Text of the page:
Now, udanmukha has one connotation as “facing the North” (MW), but it also connotes “turned upwards.” If the latter is to be meant here, and I think that best suits the situation, then Karna’s fleeing hastily with face upwards has a comical dimension that cannot be missed. We are reminded how Karna had been boasting just sometimes back. Arjuna got him in his most vulnerable state, but spared him – very Arjuna-like.
After this experience, Karna did not show up again with his vain boastings. He did not have the courage to face Arjuna again, yet he stayed on the battlefield as we get to know from Arjuna’s direction to Uttara to take away Karna’s garments too along with others. 
Even innocuous speeches of Karna betray his mind. He told Bhishma, “Besides, what wickedness is there in me? I have no sin known to any one of Dhrtarashtra's people. I have never done any injury to Dhrtarashtra's son.  He went on to say, “It is always my duty to do all that is agreeable to king Dhritarashtra, and especially to Duryodhana, for he is in possession of the kingdom.” 
Nothing is hidden any more. The statement carries sub-conscious loaded hint that he could have done injury had Duryodhana been not in possession of the kingdom.
In faithful repetition of his action of leaving Duryodhana behind to fend for himself in many crucial situations – Draupadi's Svayamvara, Ghosha-Yatra and Virata cattle raid – Karna deserted Duryodhana in the most crucial time to protect his ego.
On the eve of Kurukshetra War, Karna boasted that he alone would slay within the twinkling of an eye the Pancalas, the Karushas, the Matsyas, and the Pandavas with their sons and grandsons, and bestow on Duryodhana numerous regions won by his weapons. He also told Bhishma and Drona to retire and leave the entire task to him. Bhishma punctured his ego reminding of Krishna and Arjuna’s feats. Karna admitted Krishna’s superiority, and said: “The Grandsire will henceforth behold me in court only and not in battle. After thou hast become quiet, the rulers of the earth will behold my prowess in this world.” Karna immediately left for his own abode, without even addressing Duryodhana or giving him a chance to speak.
Karna thus not only sought Bhishma’s death, but to protect his own ego he abandoned Duryodhana on the crucial first ten days of the war, sealing Duryodhana’s fate to considerable extent. Had he been Duryodhana’s true friend, he couldn’t have done that. A true friend would have sacrificed his own ego to prioritize friend’s interest.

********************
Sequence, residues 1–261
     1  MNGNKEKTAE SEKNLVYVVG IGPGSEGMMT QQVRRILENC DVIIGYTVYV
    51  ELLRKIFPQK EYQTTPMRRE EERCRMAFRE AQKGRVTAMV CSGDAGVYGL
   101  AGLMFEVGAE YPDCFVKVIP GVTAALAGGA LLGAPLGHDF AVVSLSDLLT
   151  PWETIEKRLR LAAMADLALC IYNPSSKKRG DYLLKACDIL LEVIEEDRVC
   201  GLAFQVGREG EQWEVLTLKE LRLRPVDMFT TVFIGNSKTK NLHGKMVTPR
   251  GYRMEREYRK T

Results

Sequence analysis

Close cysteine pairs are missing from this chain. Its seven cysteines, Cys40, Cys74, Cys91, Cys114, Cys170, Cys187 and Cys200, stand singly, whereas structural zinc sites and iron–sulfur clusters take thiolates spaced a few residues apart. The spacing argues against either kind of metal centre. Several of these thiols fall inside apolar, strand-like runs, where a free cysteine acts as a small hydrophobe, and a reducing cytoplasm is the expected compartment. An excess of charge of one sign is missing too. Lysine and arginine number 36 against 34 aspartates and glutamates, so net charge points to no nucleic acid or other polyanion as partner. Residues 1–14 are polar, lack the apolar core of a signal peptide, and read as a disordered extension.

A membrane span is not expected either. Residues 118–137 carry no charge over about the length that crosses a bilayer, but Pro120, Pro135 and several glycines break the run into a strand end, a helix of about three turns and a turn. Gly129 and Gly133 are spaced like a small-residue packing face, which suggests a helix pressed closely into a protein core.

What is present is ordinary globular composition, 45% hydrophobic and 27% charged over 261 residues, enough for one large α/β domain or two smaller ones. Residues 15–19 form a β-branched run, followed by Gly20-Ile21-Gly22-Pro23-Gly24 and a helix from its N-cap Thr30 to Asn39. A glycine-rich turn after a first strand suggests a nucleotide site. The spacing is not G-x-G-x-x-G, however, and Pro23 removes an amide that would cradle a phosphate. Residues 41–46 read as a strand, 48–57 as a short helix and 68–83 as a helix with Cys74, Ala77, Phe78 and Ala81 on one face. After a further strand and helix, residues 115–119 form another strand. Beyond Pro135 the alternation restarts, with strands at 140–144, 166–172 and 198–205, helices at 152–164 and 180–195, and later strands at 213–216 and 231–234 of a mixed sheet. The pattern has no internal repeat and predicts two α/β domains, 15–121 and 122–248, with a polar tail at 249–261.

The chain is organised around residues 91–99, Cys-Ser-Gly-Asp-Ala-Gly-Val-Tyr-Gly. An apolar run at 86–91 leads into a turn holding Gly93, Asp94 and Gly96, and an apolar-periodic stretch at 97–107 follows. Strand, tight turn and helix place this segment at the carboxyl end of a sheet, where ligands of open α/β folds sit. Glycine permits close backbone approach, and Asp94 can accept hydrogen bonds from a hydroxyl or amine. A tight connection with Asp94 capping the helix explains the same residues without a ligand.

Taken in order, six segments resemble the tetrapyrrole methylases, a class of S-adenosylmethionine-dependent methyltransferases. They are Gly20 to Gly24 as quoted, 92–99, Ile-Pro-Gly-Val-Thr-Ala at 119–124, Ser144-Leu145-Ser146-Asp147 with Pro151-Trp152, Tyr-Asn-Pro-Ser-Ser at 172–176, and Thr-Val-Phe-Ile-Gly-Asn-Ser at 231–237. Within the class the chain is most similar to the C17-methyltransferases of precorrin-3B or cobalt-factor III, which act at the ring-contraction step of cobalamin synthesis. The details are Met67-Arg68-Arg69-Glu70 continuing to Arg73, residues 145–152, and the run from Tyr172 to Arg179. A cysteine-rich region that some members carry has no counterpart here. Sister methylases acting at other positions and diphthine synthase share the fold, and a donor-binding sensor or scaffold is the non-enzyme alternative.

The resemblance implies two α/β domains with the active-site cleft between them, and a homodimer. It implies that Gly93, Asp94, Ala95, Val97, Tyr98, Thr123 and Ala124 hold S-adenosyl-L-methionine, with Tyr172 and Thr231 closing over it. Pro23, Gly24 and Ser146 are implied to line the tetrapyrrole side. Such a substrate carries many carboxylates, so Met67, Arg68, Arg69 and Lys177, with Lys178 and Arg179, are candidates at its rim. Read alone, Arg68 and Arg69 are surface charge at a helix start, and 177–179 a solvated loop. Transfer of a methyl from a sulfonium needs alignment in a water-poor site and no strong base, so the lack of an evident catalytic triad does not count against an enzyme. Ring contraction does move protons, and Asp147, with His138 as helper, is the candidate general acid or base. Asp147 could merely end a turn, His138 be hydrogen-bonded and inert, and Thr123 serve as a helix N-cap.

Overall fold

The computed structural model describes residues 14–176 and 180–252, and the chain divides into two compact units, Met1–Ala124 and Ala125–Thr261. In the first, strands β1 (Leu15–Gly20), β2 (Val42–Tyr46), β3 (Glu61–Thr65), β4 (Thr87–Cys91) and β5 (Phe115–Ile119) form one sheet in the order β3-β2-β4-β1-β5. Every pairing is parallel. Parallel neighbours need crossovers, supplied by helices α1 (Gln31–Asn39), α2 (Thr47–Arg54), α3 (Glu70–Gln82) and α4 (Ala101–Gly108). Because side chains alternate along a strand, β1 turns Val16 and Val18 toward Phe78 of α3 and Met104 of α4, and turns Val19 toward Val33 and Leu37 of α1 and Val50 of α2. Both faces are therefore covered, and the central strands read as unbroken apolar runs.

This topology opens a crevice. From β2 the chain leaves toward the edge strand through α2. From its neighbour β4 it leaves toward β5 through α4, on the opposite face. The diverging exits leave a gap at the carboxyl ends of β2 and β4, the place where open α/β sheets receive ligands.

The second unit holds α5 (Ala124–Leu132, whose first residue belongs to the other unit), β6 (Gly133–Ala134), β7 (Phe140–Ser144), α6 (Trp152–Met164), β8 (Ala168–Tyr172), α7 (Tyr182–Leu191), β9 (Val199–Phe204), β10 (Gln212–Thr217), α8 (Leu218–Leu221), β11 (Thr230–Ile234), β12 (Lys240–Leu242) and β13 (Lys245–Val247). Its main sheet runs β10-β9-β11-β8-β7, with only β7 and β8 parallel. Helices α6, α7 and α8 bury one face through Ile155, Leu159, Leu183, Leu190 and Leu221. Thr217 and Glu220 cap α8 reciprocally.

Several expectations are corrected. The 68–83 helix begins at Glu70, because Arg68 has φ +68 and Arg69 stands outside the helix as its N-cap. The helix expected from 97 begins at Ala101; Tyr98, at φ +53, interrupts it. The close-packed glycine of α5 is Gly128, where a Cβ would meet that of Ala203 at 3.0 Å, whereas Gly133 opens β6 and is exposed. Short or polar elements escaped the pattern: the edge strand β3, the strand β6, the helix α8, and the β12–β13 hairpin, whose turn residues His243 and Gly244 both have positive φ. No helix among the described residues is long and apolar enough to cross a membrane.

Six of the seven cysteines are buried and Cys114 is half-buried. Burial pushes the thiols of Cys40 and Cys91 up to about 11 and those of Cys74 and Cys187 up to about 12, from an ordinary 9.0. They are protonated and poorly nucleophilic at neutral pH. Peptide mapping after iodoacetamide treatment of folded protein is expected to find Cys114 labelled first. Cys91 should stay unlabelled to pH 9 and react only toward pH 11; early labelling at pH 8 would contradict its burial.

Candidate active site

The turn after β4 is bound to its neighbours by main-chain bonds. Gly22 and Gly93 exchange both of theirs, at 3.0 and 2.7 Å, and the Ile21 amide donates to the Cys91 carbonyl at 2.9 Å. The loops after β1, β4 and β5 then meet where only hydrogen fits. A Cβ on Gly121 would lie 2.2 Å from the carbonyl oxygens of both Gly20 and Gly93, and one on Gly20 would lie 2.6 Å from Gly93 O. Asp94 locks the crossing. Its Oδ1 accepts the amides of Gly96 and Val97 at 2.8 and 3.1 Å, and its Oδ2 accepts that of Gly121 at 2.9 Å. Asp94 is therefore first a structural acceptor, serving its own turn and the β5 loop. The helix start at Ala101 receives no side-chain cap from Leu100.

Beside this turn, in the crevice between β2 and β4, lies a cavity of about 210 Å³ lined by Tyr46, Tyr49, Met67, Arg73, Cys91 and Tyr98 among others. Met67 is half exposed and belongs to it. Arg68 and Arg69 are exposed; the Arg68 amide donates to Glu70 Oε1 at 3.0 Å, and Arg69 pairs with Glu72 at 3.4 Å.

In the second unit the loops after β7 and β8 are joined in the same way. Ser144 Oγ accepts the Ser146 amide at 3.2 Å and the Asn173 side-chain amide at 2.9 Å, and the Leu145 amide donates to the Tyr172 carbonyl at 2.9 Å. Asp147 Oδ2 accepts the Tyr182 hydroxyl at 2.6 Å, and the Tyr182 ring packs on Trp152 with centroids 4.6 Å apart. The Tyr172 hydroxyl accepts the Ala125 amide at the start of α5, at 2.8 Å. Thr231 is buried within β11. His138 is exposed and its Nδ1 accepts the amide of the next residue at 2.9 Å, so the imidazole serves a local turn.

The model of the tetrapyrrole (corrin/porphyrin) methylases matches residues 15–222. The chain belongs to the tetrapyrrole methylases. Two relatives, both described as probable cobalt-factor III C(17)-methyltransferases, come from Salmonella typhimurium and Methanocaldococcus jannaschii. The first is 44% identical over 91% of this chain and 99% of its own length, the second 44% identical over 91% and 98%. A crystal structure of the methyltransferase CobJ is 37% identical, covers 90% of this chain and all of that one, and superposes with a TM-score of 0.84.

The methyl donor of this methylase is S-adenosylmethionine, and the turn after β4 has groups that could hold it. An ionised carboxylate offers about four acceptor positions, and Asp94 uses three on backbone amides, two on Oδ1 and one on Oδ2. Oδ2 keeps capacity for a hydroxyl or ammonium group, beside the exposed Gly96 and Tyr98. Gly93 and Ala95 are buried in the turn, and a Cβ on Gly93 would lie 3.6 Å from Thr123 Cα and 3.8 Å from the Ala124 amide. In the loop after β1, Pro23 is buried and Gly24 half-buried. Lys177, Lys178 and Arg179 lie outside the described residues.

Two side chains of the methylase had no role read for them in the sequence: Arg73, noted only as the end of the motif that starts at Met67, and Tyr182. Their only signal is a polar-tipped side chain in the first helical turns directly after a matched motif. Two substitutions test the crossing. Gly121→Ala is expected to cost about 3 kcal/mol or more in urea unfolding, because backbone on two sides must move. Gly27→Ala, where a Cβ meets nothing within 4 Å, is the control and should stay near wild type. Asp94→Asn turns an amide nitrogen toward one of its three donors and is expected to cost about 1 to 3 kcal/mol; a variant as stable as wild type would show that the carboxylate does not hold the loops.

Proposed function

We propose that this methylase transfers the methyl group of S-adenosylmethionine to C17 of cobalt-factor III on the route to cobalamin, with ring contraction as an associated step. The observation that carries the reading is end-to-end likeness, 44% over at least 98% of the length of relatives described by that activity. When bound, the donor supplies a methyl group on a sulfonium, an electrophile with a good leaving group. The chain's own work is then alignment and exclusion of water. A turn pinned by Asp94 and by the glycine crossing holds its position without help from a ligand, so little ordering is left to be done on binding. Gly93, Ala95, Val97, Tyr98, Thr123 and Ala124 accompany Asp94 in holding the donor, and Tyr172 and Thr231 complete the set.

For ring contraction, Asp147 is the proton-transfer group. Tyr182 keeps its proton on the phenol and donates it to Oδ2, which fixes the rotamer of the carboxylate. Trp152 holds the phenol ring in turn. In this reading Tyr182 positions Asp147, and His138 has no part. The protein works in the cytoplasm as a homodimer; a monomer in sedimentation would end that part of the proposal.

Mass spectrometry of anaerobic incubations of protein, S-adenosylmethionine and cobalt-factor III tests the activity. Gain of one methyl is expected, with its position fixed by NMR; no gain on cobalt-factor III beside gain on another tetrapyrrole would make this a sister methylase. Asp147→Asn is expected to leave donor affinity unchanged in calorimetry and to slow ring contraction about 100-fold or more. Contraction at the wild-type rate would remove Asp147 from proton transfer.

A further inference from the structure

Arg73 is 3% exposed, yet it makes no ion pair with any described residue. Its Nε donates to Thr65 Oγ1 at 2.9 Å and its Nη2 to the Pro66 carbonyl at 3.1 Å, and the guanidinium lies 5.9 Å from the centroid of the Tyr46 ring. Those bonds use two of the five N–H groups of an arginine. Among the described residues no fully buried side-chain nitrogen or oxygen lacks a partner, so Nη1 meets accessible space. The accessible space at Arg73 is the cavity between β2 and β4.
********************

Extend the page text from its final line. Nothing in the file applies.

After he had left, Bhishma laughed loud and told Duryodhana sarcastically that Karna was incapable of fulfilling his promise because in procuring weapon from Bhargava Rama with lie, Karna had already lost his Dharma and Tapasya.
In his rare moments of insight-flashes, Dhrtarashtra too had the understanding that Karna was not serving Duryodhana’s interest, that Karna, in passion was rendered intoxicated, careless and insane (impliedly, forgetful) (ghrni Karnah pramadi; 3.46.10a).
Another top-rated myth is Karna the Dana-Vira. First, his dismembering himself off the ‘natural armour and ear-rings’ has no rational basis. No human can ever be born with any natural armour or Kundalas. Actually these were Karna’s biological father’s birth-day gifts to Karna to ensure his Kshatriya-identity. [See- Karna's Father Found]
Nowhere in Mbh. is a single instance that Karna ever made a selfless sacrifice.
All Karna-glorifying and Karna-redeeming narratives are posthumous, that is, after Karna died, Kunti made his identity public, and the Pandavas accepted him as their elder brother. The Karna-glorifying and Karna-redeeming narratives are thus more political, and meant to protect Kunti’s and Pandavas’ honours.
Karna had never been any match to Arjuna in Kshatriya-merit or as a human. [See- Arjuna or Karna - Who was the Greatest?] The actual sacrifice was by Arjuna that he accepted the new Karna-glorifying narratives quite naturally true to his character.
The posthumous Karna-glorifying narratives in fact began at an appropriate moment soon after Arjuna killed Karna in fair and square duel in Kurukshetra War. [See - Mahabharata: The Myth of the Death of Bhisma, Drona, Karna, Duryodhana]. Vyasa and Krishna had pardoned one of the greatest adversaries to their Reform Movement.
While reporting Karna’s death to Dhrtarashtra, Sanjaya compared Arjuna’s killing of Karna with Indra’s killing of Vrtra and Rama’s killing of Ravana. Obviously, there is nothing redeeming here except that Karna is equated to Ravana in all its significances. Sanjaya narrated straight: “Even so hath Arjuna in single combat, slain, with all his kinsmen, that foremost of smiters, viz., Karna, who was invincible in battle and upon whom the Dhartarashtras had placed their hopes of victory, and who was the great cause of the hostility with the Pandavas!”
Therefore, whatever Sanjaya said about Karna later (that is, so called unfair death) and praised Karna as Dharmika and Dana-Vira (8.68.43-46) was only to appease Dhrtarashtra, and to keep his good spirit. This is not lie; this is the duty of a worthy counsellor.
In the SHanti-Parvan, after Yudhishthira had performed SHraddha rites of Karna, Narada initiated the redeeming process by narrating Karna’s life with new sets of narratives. Narada told Yudhishthira, “Even thus had thy brother been cursed and beguiled by many.” Narada demonstrated narrative-creation meant for public by citing various reasons for which Arjuna could ultimately succeed in killing Karna –
These sympathy-generating narratives were propagated because by then Karna was no more a part of the Kauravas, but an established Pandava – the eldest sixth Pandava.